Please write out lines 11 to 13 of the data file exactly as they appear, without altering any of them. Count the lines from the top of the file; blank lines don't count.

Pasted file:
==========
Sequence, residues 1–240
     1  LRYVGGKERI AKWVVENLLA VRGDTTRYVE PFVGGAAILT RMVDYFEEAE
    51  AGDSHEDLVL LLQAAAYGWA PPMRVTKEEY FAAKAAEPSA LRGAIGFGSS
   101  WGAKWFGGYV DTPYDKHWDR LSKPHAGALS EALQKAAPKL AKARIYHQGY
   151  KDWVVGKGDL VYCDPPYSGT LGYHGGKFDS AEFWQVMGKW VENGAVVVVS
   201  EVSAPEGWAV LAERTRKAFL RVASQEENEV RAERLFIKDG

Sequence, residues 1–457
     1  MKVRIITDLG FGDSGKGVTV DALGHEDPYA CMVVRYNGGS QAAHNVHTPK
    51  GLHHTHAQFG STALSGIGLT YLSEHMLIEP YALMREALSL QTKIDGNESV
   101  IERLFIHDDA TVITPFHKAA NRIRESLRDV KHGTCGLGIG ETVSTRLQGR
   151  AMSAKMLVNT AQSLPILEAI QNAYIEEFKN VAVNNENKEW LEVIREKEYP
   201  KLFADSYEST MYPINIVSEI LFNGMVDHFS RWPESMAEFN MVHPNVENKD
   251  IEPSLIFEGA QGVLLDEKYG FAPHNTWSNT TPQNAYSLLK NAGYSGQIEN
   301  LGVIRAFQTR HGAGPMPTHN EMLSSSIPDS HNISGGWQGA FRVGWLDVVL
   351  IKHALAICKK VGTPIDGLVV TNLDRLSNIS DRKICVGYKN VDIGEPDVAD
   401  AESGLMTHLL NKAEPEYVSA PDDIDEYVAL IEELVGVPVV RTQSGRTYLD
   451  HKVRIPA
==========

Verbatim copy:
   151  AMSAKMLVNT AQSLPILEAI QNAYIEEFKN VAVNNENKEW LEVIREKEYP
   201  KLFADSYEST MYPINIVSEI LFNGMVDHFS RWPESMAEFN MVHPNVENKD
   251  IEPSLIFEGA QGVLLDEKYG FAPHNTWSNT TPQNAYSLLK NAGYSGQIEN